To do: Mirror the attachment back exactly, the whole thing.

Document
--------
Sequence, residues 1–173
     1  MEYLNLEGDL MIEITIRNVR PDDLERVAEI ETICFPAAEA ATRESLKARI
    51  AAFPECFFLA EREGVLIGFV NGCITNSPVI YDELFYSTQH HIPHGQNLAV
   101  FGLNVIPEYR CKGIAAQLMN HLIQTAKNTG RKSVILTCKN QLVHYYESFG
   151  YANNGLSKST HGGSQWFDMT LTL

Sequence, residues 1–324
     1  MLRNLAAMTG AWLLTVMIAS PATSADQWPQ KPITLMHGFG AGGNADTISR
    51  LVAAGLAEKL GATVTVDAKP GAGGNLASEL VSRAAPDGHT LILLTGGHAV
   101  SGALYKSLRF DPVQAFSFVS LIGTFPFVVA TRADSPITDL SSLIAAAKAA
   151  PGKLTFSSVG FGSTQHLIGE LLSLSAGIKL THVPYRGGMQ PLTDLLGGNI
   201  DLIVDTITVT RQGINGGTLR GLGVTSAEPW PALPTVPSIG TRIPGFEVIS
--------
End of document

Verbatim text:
Sequence, residues 1–173
     1  MEYLNLEGDL MIEITIRNVR PDDLERVAEI ETICFPAAEA ATRESLKARI
    51  AAFPECFFLA EREGVLIGFV NGCITNSPVI YDELFYSTQH HIPHGQNLAV
   101  FGLNVIPEYR CKGIAAQLMN HLIQTAKNTG RKSVILTCKN QLVHYYESFG
   151  YANNGLSKST HGGSQWFDMT LTL

Sequence, residues 1–324
     1  MLRNLAAMTG AWLLTVMIAS PATSADQWPQ KPITLMHGFG AGGNADTISR
    51  LVAAGLAEKL GATVTVDAKP GAGGNLASEL VSRAAPDGHT LILLTGGHAV
   101  SGALYKSLRF DPVQAFSFVS LIGTFPFVVA TRADSPITDL SSLIAAAKAA
   151  PGKLTFSSVG FGSTQHLIGE LLSLSAGIKL THVPYRGGMQ PLTDLLGGNI
   201  DLIVDTITVT RQGINGGTLR GLGVTSAEPW PALPTVPSIG TRIPGFEVIS